Additional Duty on Imports into EC from USA

In 2000, the US Government passed the Agriculture Spending Bill, Public Law 106-387. This included an amendment called the Continued Dumping and Subsidy Offset Act of 2000 (abbreviated to CDSOA) but also known as the “Bryd Amendment” because it was initiated by Senator Robert Bryd from West Virginia to support the ailing steel industry in his area.

The CDSOA instructed US Customs to put all antidumping tariffs collected into special accounts on a case-to-case basis, instead of paying these funds direct to the General Treasury. At the end of the fiscal year, the money collected in these accounts would be paid out directly to the companies successfully participating in each case.

This proposal had been around for some time, but originally failed because of questions about its legality under the World Trade Organization (WTO) and NAFTA rules, but Senator Bryd added it under Title X to the Agriculture Appropriations Bill and it passed almost unnoticed.

The CDSOA took effect in 2001 and in that year paid out US$ 230 million to 900 claimants. In 2002 the amount paid out increased to USD 329 million paid to 1200 claimants. The worries about its legality were well founded. The trading partners of the US accused it of using the CDSOA as an unfair government-funded subsidy in violation of WTO rules.

Consequently, on 1st February 2006 the US Congress passed the Deficit Reduction Omnibus Reconciliation Act, which included a provision repealing CDSOA. This technically becomes active in October 2007, but because the underlying mechanisms of trade duty and collections has not been changed, there is a belief that the CDSOA could continue to be a revenue stream for US manufacturers for several more years.

The WTO Arbitrator determined that the European Union (EU) should be entitled to retaliate by up to an amount equal to 72% of the US subsidy. This means that the amount of retaliation will vary year to year based on the amount of money paid out to US companies.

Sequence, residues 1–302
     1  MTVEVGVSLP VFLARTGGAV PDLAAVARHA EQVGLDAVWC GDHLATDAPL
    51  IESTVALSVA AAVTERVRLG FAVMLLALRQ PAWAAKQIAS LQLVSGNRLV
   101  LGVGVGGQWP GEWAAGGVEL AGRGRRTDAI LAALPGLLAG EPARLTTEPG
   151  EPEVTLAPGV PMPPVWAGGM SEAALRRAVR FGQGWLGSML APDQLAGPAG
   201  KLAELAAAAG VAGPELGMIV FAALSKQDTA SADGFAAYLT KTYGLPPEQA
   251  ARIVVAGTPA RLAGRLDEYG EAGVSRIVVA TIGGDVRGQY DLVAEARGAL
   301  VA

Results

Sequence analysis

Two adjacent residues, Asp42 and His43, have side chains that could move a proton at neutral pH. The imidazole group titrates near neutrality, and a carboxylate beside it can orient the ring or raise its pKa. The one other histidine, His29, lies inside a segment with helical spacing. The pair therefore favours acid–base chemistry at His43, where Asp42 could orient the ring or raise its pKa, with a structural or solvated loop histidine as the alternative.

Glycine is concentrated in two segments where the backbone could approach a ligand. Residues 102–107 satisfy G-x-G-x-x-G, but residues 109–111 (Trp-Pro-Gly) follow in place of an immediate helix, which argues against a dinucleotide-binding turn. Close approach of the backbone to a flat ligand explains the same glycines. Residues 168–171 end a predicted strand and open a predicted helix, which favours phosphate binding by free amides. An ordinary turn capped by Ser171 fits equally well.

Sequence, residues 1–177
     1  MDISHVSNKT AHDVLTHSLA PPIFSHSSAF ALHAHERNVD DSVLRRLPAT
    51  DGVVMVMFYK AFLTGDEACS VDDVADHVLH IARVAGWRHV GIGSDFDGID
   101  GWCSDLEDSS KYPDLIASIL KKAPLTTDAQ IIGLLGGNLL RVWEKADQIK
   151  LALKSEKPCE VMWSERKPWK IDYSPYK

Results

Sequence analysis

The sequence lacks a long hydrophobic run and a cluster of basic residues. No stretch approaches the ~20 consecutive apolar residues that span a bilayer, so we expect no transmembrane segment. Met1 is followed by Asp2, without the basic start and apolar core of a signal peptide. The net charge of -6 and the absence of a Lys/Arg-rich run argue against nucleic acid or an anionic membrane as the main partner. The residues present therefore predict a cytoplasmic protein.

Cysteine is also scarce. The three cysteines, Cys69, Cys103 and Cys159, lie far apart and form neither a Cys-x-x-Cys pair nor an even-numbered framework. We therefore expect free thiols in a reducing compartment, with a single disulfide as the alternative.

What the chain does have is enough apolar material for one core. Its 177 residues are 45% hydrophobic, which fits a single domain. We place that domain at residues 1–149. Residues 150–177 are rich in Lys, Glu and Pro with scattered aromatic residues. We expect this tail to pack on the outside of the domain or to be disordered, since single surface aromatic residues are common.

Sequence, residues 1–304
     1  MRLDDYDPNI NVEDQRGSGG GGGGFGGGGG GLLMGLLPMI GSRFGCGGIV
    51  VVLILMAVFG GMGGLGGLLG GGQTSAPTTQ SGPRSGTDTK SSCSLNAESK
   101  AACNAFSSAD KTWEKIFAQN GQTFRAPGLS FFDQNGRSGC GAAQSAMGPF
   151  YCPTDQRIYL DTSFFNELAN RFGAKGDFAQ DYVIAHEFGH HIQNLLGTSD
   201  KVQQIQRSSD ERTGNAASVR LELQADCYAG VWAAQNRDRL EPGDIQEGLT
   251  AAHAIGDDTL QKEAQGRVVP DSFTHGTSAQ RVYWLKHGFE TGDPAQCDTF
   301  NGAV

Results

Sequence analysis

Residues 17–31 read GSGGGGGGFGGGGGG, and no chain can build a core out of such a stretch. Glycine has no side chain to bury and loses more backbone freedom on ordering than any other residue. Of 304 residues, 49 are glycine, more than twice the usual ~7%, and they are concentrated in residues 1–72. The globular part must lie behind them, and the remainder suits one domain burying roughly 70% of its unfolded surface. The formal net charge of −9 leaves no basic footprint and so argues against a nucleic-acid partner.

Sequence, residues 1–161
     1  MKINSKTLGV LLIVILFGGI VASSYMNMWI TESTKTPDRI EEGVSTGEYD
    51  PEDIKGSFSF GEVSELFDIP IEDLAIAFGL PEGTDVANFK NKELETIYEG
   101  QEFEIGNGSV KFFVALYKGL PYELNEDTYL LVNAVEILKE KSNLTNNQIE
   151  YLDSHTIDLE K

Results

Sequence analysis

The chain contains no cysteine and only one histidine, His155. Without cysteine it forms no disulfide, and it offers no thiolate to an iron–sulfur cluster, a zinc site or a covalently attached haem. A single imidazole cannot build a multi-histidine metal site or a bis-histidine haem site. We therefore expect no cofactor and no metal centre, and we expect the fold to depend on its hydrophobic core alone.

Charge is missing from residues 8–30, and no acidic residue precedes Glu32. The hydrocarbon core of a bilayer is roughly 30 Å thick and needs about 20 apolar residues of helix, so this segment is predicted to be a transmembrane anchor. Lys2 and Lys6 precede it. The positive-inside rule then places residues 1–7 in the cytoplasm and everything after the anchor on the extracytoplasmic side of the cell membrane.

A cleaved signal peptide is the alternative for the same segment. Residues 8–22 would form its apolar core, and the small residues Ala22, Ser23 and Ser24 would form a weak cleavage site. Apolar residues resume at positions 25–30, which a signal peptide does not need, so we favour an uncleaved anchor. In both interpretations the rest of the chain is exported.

Since May 2005 a number of items imported from the US (determined by their tariff headings and known as the affected goods) attract an additional 15% import duty on top of their existing duty rates. On 1st May 2007 a further 32 codes were added to the list to balance the amount of retaliation funding required. The full list of goods affected by the retaliatory action is available at http// (pdf) but include various types of creped paper, tablecloths, paper serviettes, handkerchiefs and facial tissues and other paper products such as diaries, writing pads, binders, albums and blotting pads. A number of textiles including types of jerseys, pullovers, cardigans, waistcoats, shirts, blouses, trousers, blankets and travelling rugs are additionally taxed as well as miscellaneous items such as sports footwear, mobile homes, electrostatic photocopying items, drills and frozen sweet corn.

Maria Narancic from Point to Point Export Services is an independent international trade adviser who assists organisations world wide with their international trade projects, documentation, Documentary Credits and import/export training.  She is based in the United Kingdom.  If you require any further assistance with the matters mentioned below, please do contact us by e-mail on or check out our other international trade articles on the Point to Point Export Services website at

Comments are closed.